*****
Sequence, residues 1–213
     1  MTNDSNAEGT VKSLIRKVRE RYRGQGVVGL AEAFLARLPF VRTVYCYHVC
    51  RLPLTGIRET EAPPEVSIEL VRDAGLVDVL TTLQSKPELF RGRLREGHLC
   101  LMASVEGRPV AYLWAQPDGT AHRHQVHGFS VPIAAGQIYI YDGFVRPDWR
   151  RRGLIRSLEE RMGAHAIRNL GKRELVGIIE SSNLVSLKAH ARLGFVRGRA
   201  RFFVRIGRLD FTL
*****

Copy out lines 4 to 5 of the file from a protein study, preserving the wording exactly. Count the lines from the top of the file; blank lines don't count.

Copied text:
   101  LMASVEGRPV AYLWAQPDGT AHRHQVHGFS VPIAAGQIYI YDGFVRPDWR
   151  RRGLIRSLEE RMGAHAIRNL GKRELVGIIE SSNLVSLKAH ARLGFVRGRA